I agree that blind encouragement is idiotic nonsense, and that people generally benefit when given an honest evaluation, along with some suggestions relating to more realistic projects.

However, I think you pushed this "natural talent" argument a little too far.

Share this post


Link to post
Share on other sites
One other thought came to mind, and this is an area where I will answer *bluntly* and *honestly*, which of course can come across as harsh, but frankly this is an area where blowing unicorns and rainbows up someone's ass does them no favors...


That is on the posts about education and or career development. This is a topic that has several thousand dollars and years of ones life attached to it, and needs to be addressed in a somber and mature manner. Simply put, encouraging someone to do something stupid, is not helping them. There are a few simple realities that you need to realize if you do in fact want a job at an AAA game company...

- if you don't live in an area with AAA game companies, you either relocate, or you are screwed
- there are a thousand other people that want the same job as you, prepare accordingly
- a great many of those people are exceedingly smart and are willing to put the hours in, keep that in mind
- once you get the job, you may be astounded to discover, well... it's a job. In fact, it's a job with horrible job security. ( Look at the headlines for today... 3 major studios just bit the dust this week! ).


Hiding these truths from someone looking for career advice is doing them no favors, period.



Now, on the other hand, if someone is looking at getting started and you take a "don't bother, you are screwed" approach from day one, obviously that is not the right approach either.

But if the above type of advice is what you are condemning, I have to go on record saying I thoroughly and completely disagree with you.

Share this post


Link to post
Share on other sites
Peer pressure to become expert is not good to me. I feel strongly that success in this field is not defined by becoming an expert at game making, though expert level helps. There are other considerations which could make a person a success. For example, whether a person is amateur or paid for game making is also not relevant to making a person successful game maker. To extend it to the maximum, it is possible (though unlikely, I admit) for a person to be an "expert" game maker and do it as a hobby.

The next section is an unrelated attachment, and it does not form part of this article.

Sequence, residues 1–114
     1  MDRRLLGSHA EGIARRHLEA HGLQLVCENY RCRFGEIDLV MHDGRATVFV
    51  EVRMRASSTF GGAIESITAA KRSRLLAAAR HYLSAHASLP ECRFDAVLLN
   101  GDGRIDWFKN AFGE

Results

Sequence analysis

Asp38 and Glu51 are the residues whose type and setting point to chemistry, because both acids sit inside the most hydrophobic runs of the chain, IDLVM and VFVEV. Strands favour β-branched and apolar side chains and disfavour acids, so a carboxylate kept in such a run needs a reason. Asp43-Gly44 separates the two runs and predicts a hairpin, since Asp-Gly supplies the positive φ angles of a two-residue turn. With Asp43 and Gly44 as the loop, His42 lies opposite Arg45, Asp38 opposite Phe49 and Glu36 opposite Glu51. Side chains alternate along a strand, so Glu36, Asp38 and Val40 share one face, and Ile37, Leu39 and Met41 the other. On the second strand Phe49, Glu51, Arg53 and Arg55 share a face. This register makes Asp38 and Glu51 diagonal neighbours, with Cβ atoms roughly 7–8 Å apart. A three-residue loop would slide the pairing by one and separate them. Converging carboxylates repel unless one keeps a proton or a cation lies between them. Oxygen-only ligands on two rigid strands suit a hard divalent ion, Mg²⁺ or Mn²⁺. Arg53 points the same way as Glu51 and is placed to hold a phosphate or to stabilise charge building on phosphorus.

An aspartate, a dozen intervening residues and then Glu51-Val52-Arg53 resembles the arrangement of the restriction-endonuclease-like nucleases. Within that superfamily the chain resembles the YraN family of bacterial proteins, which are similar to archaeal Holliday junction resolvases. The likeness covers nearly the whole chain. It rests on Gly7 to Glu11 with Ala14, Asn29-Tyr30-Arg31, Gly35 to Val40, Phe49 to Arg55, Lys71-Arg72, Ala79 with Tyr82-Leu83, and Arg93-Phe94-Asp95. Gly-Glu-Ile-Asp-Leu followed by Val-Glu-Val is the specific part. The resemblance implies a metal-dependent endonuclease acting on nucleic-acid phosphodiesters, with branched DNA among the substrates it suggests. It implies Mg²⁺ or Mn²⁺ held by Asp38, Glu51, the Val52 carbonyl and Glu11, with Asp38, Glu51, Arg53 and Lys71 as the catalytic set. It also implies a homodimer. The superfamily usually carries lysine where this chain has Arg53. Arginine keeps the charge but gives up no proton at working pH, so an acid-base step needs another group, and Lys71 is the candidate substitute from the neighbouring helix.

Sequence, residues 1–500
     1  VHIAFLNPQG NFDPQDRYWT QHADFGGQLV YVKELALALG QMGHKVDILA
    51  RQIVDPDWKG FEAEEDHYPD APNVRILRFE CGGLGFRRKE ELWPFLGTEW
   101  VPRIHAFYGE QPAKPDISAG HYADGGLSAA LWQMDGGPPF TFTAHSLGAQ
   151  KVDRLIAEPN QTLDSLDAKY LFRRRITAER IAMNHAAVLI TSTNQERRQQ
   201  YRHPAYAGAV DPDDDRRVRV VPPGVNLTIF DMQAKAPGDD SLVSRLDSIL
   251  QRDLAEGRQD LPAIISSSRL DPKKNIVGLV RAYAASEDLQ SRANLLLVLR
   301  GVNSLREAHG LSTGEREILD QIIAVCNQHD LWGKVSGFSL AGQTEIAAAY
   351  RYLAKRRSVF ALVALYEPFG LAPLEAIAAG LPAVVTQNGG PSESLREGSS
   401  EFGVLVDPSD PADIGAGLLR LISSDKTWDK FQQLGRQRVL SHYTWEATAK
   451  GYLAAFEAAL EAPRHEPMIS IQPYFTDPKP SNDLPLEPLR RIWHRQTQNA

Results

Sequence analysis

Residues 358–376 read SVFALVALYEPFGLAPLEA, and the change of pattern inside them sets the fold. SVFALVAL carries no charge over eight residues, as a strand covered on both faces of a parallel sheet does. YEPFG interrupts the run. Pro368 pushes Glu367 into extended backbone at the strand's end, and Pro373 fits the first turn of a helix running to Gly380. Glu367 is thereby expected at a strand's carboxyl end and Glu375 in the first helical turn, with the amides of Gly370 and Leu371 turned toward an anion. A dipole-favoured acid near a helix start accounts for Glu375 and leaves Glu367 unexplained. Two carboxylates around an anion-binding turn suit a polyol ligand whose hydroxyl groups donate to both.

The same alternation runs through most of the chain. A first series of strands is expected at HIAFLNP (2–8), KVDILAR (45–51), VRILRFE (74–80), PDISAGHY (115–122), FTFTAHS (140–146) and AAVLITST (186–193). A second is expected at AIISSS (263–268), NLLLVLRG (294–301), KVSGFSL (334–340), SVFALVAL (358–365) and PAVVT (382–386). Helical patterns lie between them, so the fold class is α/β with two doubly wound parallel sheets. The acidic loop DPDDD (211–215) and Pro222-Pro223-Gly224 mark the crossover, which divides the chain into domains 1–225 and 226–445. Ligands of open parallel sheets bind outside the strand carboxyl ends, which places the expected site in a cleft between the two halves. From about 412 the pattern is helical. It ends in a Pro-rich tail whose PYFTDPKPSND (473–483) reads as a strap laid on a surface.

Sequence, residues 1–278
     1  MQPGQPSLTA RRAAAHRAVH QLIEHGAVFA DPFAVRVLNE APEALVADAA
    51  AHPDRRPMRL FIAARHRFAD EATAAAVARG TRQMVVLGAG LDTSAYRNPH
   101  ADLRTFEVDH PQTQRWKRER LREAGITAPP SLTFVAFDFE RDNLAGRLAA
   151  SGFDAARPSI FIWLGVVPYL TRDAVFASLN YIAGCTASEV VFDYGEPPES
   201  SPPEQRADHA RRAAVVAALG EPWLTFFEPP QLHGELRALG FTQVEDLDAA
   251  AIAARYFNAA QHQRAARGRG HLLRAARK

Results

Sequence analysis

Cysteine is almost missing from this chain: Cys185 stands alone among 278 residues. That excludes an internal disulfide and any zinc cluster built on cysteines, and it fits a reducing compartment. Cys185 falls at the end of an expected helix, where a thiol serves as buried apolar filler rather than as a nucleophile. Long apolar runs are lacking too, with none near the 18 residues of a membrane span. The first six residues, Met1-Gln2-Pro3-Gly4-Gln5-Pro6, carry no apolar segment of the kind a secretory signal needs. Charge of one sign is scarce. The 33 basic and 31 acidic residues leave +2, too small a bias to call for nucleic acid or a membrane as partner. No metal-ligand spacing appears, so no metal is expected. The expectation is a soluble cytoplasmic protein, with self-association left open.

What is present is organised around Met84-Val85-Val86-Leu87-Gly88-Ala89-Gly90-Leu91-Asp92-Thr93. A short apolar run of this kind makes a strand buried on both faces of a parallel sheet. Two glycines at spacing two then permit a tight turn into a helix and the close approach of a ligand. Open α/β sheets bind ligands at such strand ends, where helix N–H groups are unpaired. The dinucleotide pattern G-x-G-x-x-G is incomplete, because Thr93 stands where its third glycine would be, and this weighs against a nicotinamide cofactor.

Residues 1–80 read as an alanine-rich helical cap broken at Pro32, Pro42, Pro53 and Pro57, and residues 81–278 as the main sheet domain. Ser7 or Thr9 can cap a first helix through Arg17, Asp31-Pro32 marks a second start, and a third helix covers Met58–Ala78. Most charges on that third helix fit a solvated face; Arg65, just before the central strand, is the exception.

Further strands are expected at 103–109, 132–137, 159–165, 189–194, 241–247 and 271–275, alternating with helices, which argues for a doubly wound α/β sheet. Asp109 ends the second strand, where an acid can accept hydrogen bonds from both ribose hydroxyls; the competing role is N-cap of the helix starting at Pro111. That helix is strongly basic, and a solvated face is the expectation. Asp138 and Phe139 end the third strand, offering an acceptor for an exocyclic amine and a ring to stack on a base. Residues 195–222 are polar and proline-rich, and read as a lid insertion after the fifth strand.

Take two people, hypothetically, okay? One person learns about the bare minimum to make a simple game and it becomes very popular, but self esteem is still low because the game maker wants to create a much more complex game. On the other hand, another person has been at this for 20 years with "expert" abilities and a finished game but nobody wants it. Now what?


How can I impose my standards for myself upon another game maker.? I believe the "bully" who attacks a poster is indeed imposing personal standards on a very different other game maker ( or beginner ).

To be more on discussion, I feel that having great natural talent only speeds the learning and work for most people, but don't knock the majority of us who are not natural born geniuses. Few people are not capable of publishing a simple yet popular game, given learning, practice, hard work, and opportunity. Some of life is unknown matters, such as not being sure of what will be popular, so how can anyone really define "successfull game maker" by talent alone? There are popular works which did not take much talent. Success is very personal, I feel, and there is no cookie cutter standard for success.

For the above reason, I have to agree with Goran Milovanovic in his last post here:

[quote name='Goran Milovanovic' timestamp='1345662272' post='4972317']
[quote name='L. Spiro' timestamp='1345556499' post='4971822']
You aren’t going to draw photorealistically no matter how hard you practice, and practice also can’t make you an expert game designer or programmer.
[/quote]
Meh. There's no evidence for that. Actually, if there is one persistent characteristic between "experts" in general, it is their years of experience.
I agree that blind encouragement is idiotic nonsense, and that people generally benefit when given an honest evaluation, along with some suggestions relating to more realistic projects.
However, I think you pushed this "natural talent" argument a little too far.
[/quote]


I am not pointing the finger here, but it seems to me that bullies tend to look down on others who they believe have less talent than them. Maybe the bullies all lack talent for compassion.

One thing is for certain, groups tend to gang up on bullies, so I am glad we have Moderators! [img]http://public.gamedev.net//public/style_emoticons/default/ph34r.png[/img] LOL

3Ddreamer

Share this post


Link to post
Share on other sites
Wow! Great discussion! Thanks everyone for the great comments. =D I feel I should clarify my position on one point. When I said "there are realities and requirements that you must satisfy", I meant it. I'm advocating the happy middle ground. If you are telling them they can't do it, you're doing it wrong. Tell them what they must do to accomplish their goal, and let them decide for themselves if they can or can't do it. If they actually starting trying to accomplish their goal, then they'll find out soon enough what you were talking about, and they'll be all the better prepared for it. If they don't actually try, well, they eliminated themselves. Either way, negative "you can't do it" comments were not required. Alright.. back to the IDE for me. =D